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Event Recap: FL APA Conference

This year’s annual Florida chapter of the American Planning Association featured several emerging trends for community planning.

Over the past year, WGI has been on the forefront of examining changes and shaping new approaches to planning and community design. The reasons for embracing change range from getting in front of climate change to unlocking value through adaptable public spaces.

Here are four main trends that came from sessions and one-on-one conversations:

Incorporating Trends and Uncertainty into Planning

There were multiple sessions related to forecasting, vulnerability assessments, and adaptive design.

  • Trend analysis is a shared role, with Metropolitan Planning Organizations and local governments leading the way. MPOs are well versed in traditional scenario planning, though new approaches are underway such as anticipatory and exploratory scenario planning.
  • A first step is understanding and articulating local change drivers, for example, urban heat island related to climate change or emerging mobility technologies such as autonomous shuttles.
  • For technologies, scooter share is most often a community’s first big challenge in balancing the opportunities for “last mile” travel while regulating public rights of way.

Transforming the suburbs to provide for affordability, diversity, and quality of life remains a key challenge and planning point of interest.

Top takeaways from What’s the Street of the Future? (1) Use scenario planning during a project kick-off meeting to build team consensus on trends likely to impact street design and operations, (2) expect continued evolution in shared-use mobility, autonomous technologies and vehicle design, and (3) adaptable design, such as shared-street, is among the best ways to garner benefits now while preparing for an unpredictable future.


Cities/counties are reorganizing and drastically reducing Comprehensive Plans:

  • Even with reduced requirements under the Growth Management framework, Comprehensive Plans must balance setting ambitious, aspirational goals with legally enforceable policies and provisions.
  • Cities and counties are using a new set of “umbrella plans” for implementation that coordinate several elements at once, for example Complete Streets and Form Based Codes.
    • WGI expects growth in these new types of plans such as Mobility Plans and First-Last Mile planning.
    • We also expect to see more “roadmaps,” or 12-18-month action plans to address mobility and sustainability priority projects in a shorter time frame rather than wait for a larger plan update.  Approaches such as “Quick Build” seek lower cost improvements.
  • For faster implementation, cities and counties are also using incremental and small-scale development to catalyze redevelopment that lead to larger master and corridor plans.
WGI engaged in a neighborhood-wide transportation planning effort for the Rainey Neighborhood near Downtown Austin, Texas. The neighborhood is transitioning from a single-family neighborhood to a commercial and late-night entertainment district, with more residential condominiums and apartments as well as dense office space. With constrained rights of way, WGI helped the community develop a multi-modal approach for moving people, not vehicles.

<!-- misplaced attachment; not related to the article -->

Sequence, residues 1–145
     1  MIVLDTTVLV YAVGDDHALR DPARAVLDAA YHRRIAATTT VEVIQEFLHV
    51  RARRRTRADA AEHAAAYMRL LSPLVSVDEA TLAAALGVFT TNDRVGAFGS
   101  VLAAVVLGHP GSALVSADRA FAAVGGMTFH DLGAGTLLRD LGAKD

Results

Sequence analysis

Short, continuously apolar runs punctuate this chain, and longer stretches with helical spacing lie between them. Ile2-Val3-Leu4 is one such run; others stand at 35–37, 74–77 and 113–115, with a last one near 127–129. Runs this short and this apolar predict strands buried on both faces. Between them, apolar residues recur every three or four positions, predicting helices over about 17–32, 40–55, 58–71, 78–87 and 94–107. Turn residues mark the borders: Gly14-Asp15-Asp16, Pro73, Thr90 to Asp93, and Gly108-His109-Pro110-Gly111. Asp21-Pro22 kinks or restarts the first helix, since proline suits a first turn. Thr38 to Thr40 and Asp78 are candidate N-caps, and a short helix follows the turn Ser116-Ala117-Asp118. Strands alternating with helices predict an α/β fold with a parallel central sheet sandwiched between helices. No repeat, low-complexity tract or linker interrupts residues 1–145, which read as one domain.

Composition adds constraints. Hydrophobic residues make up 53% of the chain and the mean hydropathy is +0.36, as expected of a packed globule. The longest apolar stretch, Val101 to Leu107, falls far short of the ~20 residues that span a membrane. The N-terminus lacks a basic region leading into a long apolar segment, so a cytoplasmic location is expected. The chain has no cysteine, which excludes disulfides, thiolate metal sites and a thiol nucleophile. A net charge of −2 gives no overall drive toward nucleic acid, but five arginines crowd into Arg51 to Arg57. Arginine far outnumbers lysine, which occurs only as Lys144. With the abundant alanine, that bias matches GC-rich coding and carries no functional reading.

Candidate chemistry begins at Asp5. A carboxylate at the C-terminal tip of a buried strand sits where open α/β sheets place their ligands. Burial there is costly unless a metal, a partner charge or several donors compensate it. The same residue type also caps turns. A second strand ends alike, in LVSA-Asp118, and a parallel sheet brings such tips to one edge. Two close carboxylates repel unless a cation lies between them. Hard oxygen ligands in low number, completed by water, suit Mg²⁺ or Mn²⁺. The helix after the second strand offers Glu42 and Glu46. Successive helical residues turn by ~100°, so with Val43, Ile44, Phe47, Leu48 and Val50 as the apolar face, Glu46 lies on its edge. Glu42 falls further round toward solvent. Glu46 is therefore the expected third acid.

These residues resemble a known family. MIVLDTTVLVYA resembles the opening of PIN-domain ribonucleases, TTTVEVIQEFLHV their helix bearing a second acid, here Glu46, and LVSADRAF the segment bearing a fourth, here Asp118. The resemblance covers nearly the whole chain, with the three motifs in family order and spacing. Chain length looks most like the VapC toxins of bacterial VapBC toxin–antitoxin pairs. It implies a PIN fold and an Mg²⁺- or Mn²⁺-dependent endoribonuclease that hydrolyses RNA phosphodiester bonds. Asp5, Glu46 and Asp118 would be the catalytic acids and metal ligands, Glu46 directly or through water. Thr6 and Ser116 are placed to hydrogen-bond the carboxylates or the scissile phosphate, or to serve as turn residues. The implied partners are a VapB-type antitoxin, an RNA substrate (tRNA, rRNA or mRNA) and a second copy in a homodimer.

Planners are getting very serious about sustainability-related issues, particularly resilient design and adaptation.

  • Several communities are looking at suburban retrofit as a strategy to meet the challenges of rising coastal waters.
  • Climate vulnerability analyses are taking equity into account early in the sustainable planning process.
  • Cities are using GIS mapping and analysis to prioritize coastline restoration.
    • WGI expects more attention to several types of climate action plans. Scenario planning and vulnerability analyses will become commonplace. While current plans tend to focus on reducing a community’s greenhouse gas emissions, future action plans will address local impacts and establish action triggers affecting changes to local regulations.

Stakeholder Engagement

  • There is growing realization that the current focus on public meetings as the prime outreach channel is inequitable.
  • Engagement must also be internal. A speaker in one session told the story of how they used research on attention span cycles to make sure they engaged agency leadership. Attention is highest mid-morning, but drops dramatically late evening (when we hold public meetings)
  • One community used a walk audit for micromobility to identify infrastructure deficiencies and opportunities.
    • WGI: At WGI, we are developing expanded “boots on the ground” efforts to reach people who cannot attend extended, night-time meetings.  Reaching people and educating them outside of the traditional methods is more and more important to the success of a project both for approval and implementation.
opportunity zones
WGI’s strength in delivering actionable solutions is evident in our Master Plan of the City of Lake Worth Beach’s Opportunity Zone. In leveraging our existing relationships with the development community, as well as working alongside city staff to identify established leaders in the community, we facilitated collaborative plan-making charrettes that directly paired the community’s needs with those who could deliver solutions. This inter-disciplinary, inter-sector, and integrative approach led to guiding visions for the community that was created and implemented by the community itself.

The issues raised during this conference underscore WGI’s commitment to planning innovation and new approaches to placemaking and mobility systems.

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